Failed British Colonial Rule of America

English Royal Coat of Arms-Symbol of British Rule
English Royal Coat of Arms



Like most Americans I believed the 13 American colonies were a monolithic group of settlements that were governed by the British monarch. Nothing could be farther from the truth. Each British colony was established for various reasons and one, New York, was originally founded by the Dutch. British colonial rule was administered by a complex and very inefficient bureaucracy in London that acted in the name of the Crown and Parliament. They believed they had the right to govern the colonies any way they saw fit. This was a recipe for conflict because the American colonists were very independent. 

                                                                                               The precise relationship between the Crown and any individual colony depended on whether it was a Royal Colony, a Charter Colony, or a Proprietary Colony. All were founded by Royal authorization, but a Charter Colony was granted to a joint-stock company, a Proprietary Colony was owned by individuals, and Royal Colonies were owned and governed directly by the British government.

The settlers came for many reasons, but the opportunity to better themselves and to escape religious persecution were the most common reasons. Once in the New World, most were quite comfortable to be British subjects, and the early settlers were more concerned with survival than politics. Most settlers did have many traits in common. They were independent, individualistic, confident, hard-working, tough, and ambitious. In short, they were “risk takers.” These traits in an undeveloped environment resulted in successful and prosperous colonies with more freedom than in the mother country.  

Prosperity also led to more schools which led to better educated citizens. A more literate public led to newspapers and pamphlets to keep them informed about the news and politics. The colonists were also in better health because they were better fed and lived in a cleaner and less crowded environment. The crowded cities and towns of  Europe were breeding grounds for disease, poverty, and despair. 

The British government did not interfere with colonial affairs much to begin with having little time for the colonies. Britain was preoccupied with internal strife and happy to reap the benefits of cheap imports and an expanding demand for British products. Mostly London enacted laws and regulations to maximize economic benefits, which usually were good for the colonies too. Some changes, however, adversely affected the colonies, which resulted in considerable resentment and friction.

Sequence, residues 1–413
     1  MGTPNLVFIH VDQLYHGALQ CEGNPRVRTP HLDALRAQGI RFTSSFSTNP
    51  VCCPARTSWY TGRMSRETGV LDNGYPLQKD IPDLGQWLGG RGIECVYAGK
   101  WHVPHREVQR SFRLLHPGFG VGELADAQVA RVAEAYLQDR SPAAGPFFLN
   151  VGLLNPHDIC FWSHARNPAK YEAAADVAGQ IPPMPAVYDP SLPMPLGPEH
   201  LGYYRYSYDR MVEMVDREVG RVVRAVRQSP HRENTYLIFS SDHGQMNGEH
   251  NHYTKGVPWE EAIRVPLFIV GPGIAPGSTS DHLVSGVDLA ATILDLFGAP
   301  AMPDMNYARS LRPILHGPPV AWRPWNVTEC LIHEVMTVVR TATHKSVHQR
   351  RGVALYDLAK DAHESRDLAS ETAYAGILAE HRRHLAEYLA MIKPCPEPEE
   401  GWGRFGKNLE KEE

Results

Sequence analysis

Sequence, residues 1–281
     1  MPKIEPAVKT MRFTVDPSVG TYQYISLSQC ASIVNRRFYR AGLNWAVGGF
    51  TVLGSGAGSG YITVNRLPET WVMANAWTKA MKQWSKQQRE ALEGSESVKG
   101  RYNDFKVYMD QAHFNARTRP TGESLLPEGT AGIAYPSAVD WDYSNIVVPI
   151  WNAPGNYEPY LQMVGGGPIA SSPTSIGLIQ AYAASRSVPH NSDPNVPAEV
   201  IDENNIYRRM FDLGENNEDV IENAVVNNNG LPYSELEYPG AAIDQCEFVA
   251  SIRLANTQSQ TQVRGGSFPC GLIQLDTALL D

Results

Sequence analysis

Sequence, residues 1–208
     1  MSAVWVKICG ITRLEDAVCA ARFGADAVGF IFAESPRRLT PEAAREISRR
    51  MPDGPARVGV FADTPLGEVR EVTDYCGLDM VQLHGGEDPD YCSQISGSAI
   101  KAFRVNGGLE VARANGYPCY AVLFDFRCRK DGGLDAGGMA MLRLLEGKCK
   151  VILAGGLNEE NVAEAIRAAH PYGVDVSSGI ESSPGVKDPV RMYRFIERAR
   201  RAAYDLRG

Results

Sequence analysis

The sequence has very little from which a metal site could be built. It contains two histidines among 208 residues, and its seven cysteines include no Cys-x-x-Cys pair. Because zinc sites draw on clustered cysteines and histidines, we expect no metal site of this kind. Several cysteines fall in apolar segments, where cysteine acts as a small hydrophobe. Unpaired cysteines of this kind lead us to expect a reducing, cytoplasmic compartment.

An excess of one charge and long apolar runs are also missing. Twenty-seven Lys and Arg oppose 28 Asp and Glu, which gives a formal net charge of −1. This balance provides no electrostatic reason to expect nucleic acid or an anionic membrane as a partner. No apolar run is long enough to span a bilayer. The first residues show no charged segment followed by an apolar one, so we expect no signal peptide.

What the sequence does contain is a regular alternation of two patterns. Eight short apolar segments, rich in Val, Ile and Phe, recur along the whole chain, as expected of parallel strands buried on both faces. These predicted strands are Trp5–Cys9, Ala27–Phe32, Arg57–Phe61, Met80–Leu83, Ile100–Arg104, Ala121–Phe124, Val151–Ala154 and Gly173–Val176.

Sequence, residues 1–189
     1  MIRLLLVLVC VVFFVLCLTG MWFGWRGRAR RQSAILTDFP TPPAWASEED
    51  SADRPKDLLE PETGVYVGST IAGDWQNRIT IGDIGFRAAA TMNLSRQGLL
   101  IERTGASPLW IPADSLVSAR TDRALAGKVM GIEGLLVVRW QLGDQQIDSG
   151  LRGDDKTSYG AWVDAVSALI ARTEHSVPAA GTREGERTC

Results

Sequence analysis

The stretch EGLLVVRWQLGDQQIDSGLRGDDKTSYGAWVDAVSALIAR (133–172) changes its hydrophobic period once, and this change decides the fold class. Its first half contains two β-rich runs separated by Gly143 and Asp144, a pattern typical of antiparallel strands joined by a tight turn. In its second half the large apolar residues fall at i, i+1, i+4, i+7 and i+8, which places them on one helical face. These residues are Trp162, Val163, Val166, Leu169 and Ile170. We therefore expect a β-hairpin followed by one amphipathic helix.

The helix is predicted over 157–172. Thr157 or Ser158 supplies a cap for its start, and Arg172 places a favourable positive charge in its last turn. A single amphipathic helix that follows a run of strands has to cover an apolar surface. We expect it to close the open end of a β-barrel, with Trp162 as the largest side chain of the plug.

American colonists passed their own laws and raised militias for their own defense. They believed that England was sovereign and recognized that British citizenship had many advantages. As time passed, however, the colonists realized that without representation in the British government, they were often given the “short end of the stick.” Resentment about this smoldered until the colonists finally exploded in revolution. 

Europe was also cursed with seemingly endless wars that drained their coffers and resulted in more devastation and poverty. Since the great powers of the day, Britain, France, Holland, and Spain had competing colonies in the New World, their wars usually resulted in conflict in the colonies. The largest was the French and Indian War (1754-63), which was long and bloody. The main benefit for the Americans who fought in these wars was that it trained a cadre that became the core of the Continental Army. 

Britain eventually wanted Americans to help pay for their wars and for the presence of British troops in the colonies. The colonists did not share this view. This is when the Crown began to interfere with the colonial governments and to levy additional taxes. The colonists resented the interference and believed no tax was legitimate unless enacted or approved by them. The increased colonial resistance caused Britain to tighten the screws more, which caused more resistance. No matter who was right about the details, the two sides were locked in a contest that was rapidly spiraling toward revolution. 

Proclamation of 1763-Failed Colonial Rule
Proclamation of 1763

One huge cause of resistance was the “Proclamation of 1763.” This 7 October royal proclamation outlawed all settlement in the vast area between the “crest of the Appalachian Mountains and the Mississippi River.” It also limited settlement in wide stretches east of the mountains by declaring previous purchases from the Indians “illegal.” The crown wrongly believed this would prevent future Indian wars. The proclamation would have stopped most western expansion, which was key to colonial development. It was hated by farmers, speculators, and pioneers, and they all ignored it. It also caused heated colonial protest and moved the needle closer to Revolution. 

Another crucial factor that is sometimes ignored by historians is that between 1607 and 1775, at least six generations had been born in the American colonies. Although these generations had a political attachment to Britain, they had no emotional ties and did not identify with the mother country. There were many new immigrants, but these “home grown” people were born “American.” They felt free, and they were tough and self-reliant. Many lived on the dangerous frontier. 

At the start of the Revolutionary War, Britain had a far-flung empire of 31 colonies from North America to Asia. They had to defend their right to rule these colonies or risk losing them. Unfortunately for them, they had not established control in America early, and tried to exert control too late. This never works and they were doomed to fail. 



The first British colony in America was Virginia, a Charter Colony, which was founded in 1607. In 1619, they established a two-part legislature consisting of the governor and his council, which were appointed by the company in England, and a House of Burgesses representing each settlement. During that summer, the first true legislature in North America met in a log church in Jamestown. Virginia became the first Royal Colony in 1624 when the bankrupt Virginia Company’s charter was revoked.